The same evening his confessor, a good friend of his father, visited the family. The following morning Rudolf’s father scolded and punished him for not reporting the pushing incident right away. Since the family telephone was out of order, there had been no other visitors, and none of his classmates lived in their neighborhood, Rudolf concluded that the priest must have broken the seal of the confessional. “My faith in the holy profession of priesthood was smashed and doubts began to stir ithin me,” Hoess wrote. “After this incident I could no longer trust any priest.”8 He changed confessors and soon stoppe going to confession altogether.
Read the diary of Saint Faustina , no scepticism of God`s Mercy can remain . One priest of my acquaintance offers Mass for the repose of the soul of Henry VIII .
God`s Mercy is extended to sinners – don`t all of us fall into that category ?
Pax et bonum .
From Our Lady`s Land of the Southern Cross .
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Considering that universal salvation was condemned in a previous council (the Council of Constantinople in 543 according to a reader above [thanks for this tip, btw, since I had heard about this anathema, but didn’t know where it came from]), is not the right attitude of a Catholic/Orthodox believer to have eagerly hoped for Hitler etc. repenting during their lifetime, but not after it, bearing in mind that there is no account of any repentance on Hitler’s side and that he committed suicide, so that reasonably speaking we should not expect to see Hitler in purgatory or heaven, although we can’t be sure about it and trust God’s mercy in line with his justice having been done…
I think we can hope for each soul (even, as an extremely long shot, Hitler’s — see CCC 2283) but not every soul. We can pray for everyone even though we know not everyone will be saved — because we do not know who will and who will not be saved.
We do have public revelation to the effect that one specific person, Judas Iscariot, was not saved. Our Lord called him “the son of perdition” and said it would be better for him if he had never been born. Pretty clear indication that Judas won’t be enjoying the Beatific Vision in the end. But for anyone else, there’s always hope.
If St. Peter, who denied Christ 3 times even though he knew Him to be the Son of God, can be forgiven, anyone can.
Judas only had to ask, but was afraid.
Obviously, the priest could have heard about the pushing incident from schoolteachers or kids, outside the confessional. Obviously the father could have heard from all sorts of sources also. But it goes to show that we have to be a bit discreet about this sort of thing, because an urge to be over-intimate can lead both to asking things we’ve got no right to ask (like parents demanding to know what their kids confessed or why they want to go to Confession), or to providing info that really isn’t our business to provide.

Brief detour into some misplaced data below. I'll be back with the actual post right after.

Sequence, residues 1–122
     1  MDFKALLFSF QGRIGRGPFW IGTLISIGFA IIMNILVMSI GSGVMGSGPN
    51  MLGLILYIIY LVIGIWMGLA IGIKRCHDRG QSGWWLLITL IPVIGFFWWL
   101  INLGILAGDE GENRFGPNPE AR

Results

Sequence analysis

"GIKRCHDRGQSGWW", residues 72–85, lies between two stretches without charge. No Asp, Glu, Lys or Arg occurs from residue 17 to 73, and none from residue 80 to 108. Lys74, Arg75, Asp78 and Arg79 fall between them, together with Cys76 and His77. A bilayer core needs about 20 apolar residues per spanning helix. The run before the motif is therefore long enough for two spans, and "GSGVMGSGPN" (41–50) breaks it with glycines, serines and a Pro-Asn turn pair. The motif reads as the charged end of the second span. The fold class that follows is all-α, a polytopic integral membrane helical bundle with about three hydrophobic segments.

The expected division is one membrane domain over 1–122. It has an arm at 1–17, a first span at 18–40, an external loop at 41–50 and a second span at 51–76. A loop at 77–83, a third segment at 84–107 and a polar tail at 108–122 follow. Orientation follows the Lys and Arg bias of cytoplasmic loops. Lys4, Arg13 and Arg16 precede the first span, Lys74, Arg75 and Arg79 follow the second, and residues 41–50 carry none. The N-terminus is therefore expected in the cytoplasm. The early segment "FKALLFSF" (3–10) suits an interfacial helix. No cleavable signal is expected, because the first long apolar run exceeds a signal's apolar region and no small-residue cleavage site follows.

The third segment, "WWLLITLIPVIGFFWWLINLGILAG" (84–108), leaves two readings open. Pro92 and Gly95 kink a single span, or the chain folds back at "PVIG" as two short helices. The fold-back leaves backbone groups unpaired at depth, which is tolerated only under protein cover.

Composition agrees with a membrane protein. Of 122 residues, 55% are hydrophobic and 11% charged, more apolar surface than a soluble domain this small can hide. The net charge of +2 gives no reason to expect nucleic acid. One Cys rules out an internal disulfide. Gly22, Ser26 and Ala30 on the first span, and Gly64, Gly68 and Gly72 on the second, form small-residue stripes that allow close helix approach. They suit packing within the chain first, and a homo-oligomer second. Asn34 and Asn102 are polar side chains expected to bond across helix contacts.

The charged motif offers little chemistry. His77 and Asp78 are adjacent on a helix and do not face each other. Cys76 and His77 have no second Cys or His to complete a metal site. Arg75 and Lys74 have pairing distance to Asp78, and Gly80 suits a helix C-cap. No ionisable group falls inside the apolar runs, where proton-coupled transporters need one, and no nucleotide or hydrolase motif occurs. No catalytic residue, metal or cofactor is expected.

Teenagers often are particularly quick to jump on a single explanation for something that an adult or child will figure that there are many different explanations. It’s very sad that the adults around him didn’t realize this and say more about how they heard, if they were indeed innocent; or that they would indeed break the seal, if that were so.
I guess I wasn’t clear. We really shouldn’t assume that Hitler’s in Hell. My scenario would presuppose that Hitler is in purgatory. He really could have made it to purgatory by repenting at the last minute and accepting Christ as his saviour. I know, he suicided, just work with me here. We’re fairly sure that didn’t happen, so I’m pretty sure there will be some souls in Hell. The notion that everyone will do that last second repentance thing is very hopeful at best. But that’s really beside the point. No, I’m talking about souls in purgatory. That’s why purgatory is such a great thing. Imagine old Adolf being confronted by every person he ever caused harm to. Not getting the beating we think he deserves, but learning real understanding of the suffering he caused, suffering real remorse, accepting their undeserved forgiveness, forgiving himself, recognizing God’s forgiveness. I really can’t decide what would be more painful, learning to forgive himself once he realized what he had done, or accepting God’s forgiveness. And then he moves on to the next person. Millions upon millions of them. But when he was purified, he would be beautiful.
@contramundum: This was great advice, thanks! I was struggling with this Hitler case, and the answer you found is indeed perfect.